[00:30:28] Mike Hoffman: Yeah. So this is a whole, if I think of my three passions, I got at the end of the day, they all lead to freedom of more time. So my family is number one, and then I got passive income to be able to spend time with my family. And then I got my.

[00:30:46] Mike Hoffman: What I call health and human performance. And to me, that’s everything from efficiency, mental focus, like physical, all of those things that I went to school for. I’m huge into batching things, whether that’s Wednesdays or my kind of my podcast days or every morning I try to do something physical to break a sweat, whether that’s a run or,

[00:31:10] Patrick Donley: aren’t you into rucking?

[00:31:12] Patrick Donley: Are you into, 

[00:31:13] Mike Hoffman: yeah. Rucking this morning with my dog. And then, So yeah, there’s always that. And then there’s the family time. Usually I try to do an hour of deep work before we call it. The fire alarm goes off in the house and all the kids are running around or the two kids are running around just like screaming and whatever.

[00:31:30] Mike Hoffman: And then I dropped my daughter off at daycare and then I just kind of got blocked. Sections of the week that are really efficient. I try to have my calls in the afternoon when I’m out hitting balls or something. 

[00:31:43] Patrick Donley: So are you then, do you work then from home or do you have an office where you keep all the product and that kind of thing?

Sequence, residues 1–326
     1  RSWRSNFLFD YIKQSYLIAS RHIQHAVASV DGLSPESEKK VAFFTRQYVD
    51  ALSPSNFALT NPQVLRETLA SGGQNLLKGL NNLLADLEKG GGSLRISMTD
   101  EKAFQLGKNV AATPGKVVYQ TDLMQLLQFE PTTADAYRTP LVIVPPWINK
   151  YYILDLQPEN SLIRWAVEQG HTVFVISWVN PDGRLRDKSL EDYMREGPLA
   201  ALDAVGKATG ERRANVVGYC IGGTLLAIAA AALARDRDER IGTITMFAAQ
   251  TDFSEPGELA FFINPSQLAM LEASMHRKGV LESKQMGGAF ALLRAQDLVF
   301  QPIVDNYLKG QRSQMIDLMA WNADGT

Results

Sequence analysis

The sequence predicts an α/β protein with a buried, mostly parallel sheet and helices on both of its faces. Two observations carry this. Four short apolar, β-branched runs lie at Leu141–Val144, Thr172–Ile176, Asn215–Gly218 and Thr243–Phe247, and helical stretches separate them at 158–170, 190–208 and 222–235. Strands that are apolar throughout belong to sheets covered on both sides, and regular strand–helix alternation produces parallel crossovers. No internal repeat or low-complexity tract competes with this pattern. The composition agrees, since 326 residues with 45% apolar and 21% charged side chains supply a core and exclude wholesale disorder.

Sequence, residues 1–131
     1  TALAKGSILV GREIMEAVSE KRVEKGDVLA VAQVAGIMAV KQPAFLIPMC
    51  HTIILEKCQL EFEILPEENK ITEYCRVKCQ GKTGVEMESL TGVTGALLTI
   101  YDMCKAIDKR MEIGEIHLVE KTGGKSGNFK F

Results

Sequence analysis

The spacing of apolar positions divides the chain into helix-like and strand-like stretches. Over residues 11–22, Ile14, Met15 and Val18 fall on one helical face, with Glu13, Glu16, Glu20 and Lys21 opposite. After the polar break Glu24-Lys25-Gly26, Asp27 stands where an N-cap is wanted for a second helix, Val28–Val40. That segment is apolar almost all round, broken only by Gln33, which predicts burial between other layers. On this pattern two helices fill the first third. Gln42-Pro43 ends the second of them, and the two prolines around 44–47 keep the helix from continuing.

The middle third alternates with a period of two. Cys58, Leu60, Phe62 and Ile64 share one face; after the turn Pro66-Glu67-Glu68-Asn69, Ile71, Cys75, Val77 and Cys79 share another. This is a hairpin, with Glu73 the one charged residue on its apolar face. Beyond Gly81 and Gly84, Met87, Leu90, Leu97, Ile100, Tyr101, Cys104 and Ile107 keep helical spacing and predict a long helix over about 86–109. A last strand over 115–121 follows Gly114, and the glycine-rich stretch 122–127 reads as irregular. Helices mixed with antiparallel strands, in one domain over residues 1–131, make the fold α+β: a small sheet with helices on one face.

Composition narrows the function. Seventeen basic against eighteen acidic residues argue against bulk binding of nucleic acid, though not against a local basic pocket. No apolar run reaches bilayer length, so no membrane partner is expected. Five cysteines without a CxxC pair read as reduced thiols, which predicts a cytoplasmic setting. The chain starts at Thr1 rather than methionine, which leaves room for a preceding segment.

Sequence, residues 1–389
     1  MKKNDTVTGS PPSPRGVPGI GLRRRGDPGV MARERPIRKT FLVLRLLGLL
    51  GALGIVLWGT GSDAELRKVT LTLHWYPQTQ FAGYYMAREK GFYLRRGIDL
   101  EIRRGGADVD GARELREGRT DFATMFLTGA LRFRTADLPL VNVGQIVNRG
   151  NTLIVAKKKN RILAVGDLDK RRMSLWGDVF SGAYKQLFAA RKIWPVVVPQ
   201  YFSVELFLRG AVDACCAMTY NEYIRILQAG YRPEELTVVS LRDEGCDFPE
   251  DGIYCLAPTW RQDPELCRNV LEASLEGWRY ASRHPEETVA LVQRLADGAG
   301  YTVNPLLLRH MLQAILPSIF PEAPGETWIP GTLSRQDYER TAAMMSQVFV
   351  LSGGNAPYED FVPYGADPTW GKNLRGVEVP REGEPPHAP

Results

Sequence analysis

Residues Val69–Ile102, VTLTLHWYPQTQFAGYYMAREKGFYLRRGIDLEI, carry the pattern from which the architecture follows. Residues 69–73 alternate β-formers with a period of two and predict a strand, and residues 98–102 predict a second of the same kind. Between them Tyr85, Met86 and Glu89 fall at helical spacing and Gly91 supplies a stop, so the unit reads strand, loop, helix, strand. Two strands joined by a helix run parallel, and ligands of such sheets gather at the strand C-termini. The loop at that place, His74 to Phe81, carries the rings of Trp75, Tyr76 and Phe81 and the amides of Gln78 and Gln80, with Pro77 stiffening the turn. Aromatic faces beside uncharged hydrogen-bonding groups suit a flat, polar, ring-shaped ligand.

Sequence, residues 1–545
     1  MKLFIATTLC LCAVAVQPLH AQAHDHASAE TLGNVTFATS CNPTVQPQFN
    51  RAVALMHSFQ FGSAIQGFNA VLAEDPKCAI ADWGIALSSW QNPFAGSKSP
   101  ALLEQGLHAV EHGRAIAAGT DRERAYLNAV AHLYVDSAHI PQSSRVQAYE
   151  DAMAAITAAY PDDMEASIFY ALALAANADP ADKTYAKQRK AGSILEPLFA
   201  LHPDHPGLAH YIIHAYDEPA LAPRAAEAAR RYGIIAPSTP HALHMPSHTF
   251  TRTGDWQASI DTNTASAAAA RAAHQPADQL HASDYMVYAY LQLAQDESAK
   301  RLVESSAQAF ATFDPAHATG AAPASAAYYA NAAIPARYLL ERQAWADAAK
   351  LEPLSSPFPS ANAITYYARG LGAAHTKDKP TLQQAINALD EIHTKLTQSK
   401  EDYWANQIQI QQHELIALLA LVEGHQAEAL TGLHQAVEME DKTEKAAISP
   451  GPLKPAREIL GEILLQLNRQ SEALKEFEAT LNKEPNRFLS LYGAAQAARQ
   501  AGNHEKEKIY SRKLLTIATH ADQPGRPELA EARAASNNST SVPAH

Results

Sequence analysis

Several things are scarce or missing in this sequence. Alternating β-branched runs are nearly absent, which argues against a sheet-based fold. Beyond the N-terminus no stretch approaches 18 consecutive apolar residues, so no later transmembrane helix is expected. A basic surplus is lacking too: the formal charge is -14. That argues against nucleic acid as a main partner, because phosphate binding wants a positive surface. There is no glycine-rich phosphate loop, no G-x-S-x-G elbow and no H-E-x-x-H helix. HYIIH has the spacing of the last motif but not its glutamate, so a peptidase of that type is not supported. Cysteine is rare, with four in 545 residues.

[00:31:51] Mike Hoffman: Yeah. So I have an office where this is all white boards and then I share a door. So I have a two room office and the other room is for my local route vending business partner. So he can, We have a whiteboard in there where he’s tracking all the sales. We can store products there.

[00:32:08] Mike Hoffman: All of that. 

[00:32:10] Patrick Donley: Got it. I wanted to take a little step back. You were talking about how each vending machine would pay for a certain thing, like your club membership, your golf membership or daycare or whatever. Alan Corey, who was a real estate guy, had a similar idea where he would do it with real estate rentals, but he would call it like his internet house or his electric, like the electric bill house.

[00:32:29] Patrick Donley: Yeah. he likes to think of each house as paying for this expense. And it’s kind of a cool way to think about it.